# Fermions in a box

1. Mar 26, 2014

### baubletop

1. The problem statement, all variables and given/known data
a. Electrons and neutrons are fermions. Put 12 of them (6 each) in a box, and determine the n value for the ones with the highest energy.
b. Do the same for 12 bosons (6 are pi zero bosons and 6 are alpha particles).

2. Relevant equations
En = (h2n2)/(8mL2)

3. The attempt at a solution
I'm not even sure how to approach this problem. What is it asking? How do I know which have the highest energy? (Neutrons in general have a higher rest energy than electrons, but I don't know if that's at all relevant.)
My only hunch is that the Pauli Exclusion Principle is involved (like I could have 2 electrons in ground state, 2 in n=2 state, 2 in n=3 state, etc. but that doesn't seem like what the question is asking).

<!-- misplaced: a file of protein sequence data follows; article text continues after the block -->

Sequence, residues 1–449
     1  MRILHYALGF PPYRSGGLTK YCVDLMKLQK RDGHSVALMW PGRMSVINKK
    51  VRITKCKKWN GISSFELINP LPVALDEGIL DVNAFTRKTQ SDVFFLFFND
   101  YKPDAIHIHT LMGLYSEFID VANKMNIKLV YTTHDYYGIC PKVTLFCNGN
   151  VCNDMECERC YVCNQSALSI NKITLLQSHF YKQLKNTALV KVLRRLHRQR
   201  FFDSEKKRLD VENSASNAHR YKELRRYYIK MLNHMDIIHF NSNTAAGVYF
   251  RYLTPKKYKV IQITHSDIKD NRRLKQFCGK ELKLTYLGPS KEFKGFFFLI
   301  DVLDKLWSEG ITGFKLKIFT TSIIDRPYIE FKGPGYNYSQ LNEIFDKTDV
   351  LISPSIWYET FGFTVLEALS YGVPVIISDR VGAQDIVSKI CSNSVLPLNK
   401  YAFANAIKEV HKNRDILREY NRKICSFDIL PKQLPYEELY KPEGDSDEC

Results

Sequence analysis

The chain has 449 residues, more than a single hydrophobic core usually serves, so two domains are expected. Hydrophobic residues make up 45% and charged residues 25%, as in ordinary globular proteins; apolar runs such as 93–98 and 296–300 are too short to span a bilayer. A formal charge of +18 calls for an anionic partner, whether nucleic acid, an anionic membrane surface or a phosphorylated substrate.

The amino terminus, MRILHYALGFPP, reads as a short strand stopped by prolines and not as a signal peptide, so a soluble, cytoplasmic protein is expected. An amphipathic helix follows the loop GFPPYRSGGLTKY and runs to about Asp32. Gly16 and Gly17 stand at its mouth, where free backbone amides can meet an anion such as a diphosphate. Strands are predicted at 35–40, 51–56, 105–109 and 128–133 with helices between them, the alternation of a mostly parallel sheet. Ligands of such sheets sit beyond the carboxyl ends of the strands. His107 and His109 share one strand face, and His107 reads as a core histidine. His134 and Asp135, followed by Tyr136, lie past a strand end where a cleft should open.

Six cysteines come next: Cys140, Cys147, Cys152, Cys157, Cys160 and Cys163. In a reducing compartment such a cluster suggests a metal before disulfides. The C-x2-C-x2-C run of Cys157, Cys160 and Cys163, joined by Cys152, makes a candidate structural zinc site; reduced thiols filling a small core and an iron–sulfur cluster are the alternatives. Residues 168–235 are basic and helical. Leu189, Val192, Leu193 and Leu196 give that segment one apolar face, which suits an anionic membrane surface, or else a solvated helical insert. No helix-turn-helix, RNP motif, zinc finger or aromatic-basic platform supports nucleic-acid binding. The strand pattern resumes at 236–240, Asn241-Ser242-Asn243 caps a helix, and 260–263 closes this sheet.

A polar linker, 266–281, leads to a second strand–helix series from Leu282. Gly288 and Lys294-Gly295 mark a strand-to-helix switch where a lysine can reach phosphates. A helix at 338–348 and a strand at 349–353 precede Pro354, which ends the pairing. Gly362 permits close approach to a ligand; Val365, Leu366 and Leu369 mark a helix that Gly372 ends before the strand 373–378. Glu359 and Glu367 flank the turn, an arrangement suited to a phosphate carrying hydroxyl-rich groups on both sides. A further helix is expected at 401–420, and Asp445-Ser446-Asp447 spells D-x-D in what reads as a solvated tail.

2. Mar 26, 2014

### Simon Bridge

What is special about the way Fermions fill energy levels?

3. Mar 26, 2014

### baubletop

Two fermions can't occupy the same quantum state. So if there are 6 electrons the highest energy level would be n=3 (same for the neutrons).

4. Mar 27, 2014

### Simon Bridge

So you have just answered question (a).
What is the difference with bosons?

5. Mar 27, 2014

### baubletop

Bosons aren't subject to the Pauli Exclusion Principle so they can all occupy the ground state.

I wasn't sure if I was over- or under-thinking the problem, it seemed too easy...

6. Mar 27, 2014

### Simon Bridge

I know - it throws you out when it's not something subtle or tricky.
But it's good practice.